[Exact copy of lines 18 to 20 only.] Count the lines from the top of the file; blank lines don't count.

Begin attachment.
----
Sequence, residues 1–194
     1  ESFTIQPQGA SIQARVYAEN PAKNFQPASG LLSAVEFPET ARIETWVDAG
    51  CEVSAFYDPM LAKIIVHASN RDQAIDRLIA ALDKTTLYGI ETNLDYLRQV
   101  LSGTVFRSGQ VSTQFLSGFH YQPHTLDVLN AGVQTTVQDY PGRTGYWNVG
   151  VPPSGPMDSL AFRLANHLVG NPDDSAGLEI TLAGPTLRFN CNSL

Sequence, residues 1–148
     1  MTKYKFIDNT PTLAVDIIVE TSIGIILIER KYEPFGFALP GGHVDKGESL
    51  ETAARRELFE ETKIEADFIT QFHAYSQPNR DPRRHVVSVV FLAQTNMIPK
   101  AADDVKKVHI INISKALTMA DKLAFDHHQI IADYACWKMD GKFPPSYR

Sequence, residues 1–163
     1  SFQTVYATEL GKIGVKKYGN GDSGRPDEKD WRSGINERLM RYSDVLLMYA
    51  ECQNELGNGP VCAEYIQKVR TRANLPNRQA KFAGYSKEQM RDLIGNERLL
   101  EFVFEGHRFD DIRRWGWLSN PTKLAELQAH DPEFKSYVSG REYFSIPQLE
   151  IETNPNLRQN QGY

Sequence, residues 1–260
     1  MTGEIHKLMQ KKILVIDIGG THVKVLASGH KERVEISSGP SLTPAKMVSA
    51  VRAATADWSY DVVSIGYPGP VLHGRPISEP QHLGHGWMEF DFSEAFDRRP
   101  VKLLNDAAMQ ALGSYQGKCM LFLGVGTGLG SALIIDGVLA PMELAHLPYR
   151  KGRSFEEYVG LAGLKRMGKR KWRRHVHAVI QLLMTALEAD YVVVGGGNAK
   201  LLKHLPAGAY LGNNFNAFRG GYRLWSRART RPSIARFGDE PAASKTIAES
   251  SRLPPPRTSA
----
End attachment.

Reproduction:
   101  VKLLNDAAMQ ALGSYQGKCM LFLGVGTGLG SALIIDGVLA PMELAHLPYR
   151  KGRSFEEYVG LAGLKRMGKR KWRRHVHAVI QLLMTALEAD YVVVGGGNAK
   201  LLKHLPAGAY LGNNFNAFRG GYRLWSRART RPSIARFGDE PAASKTIAES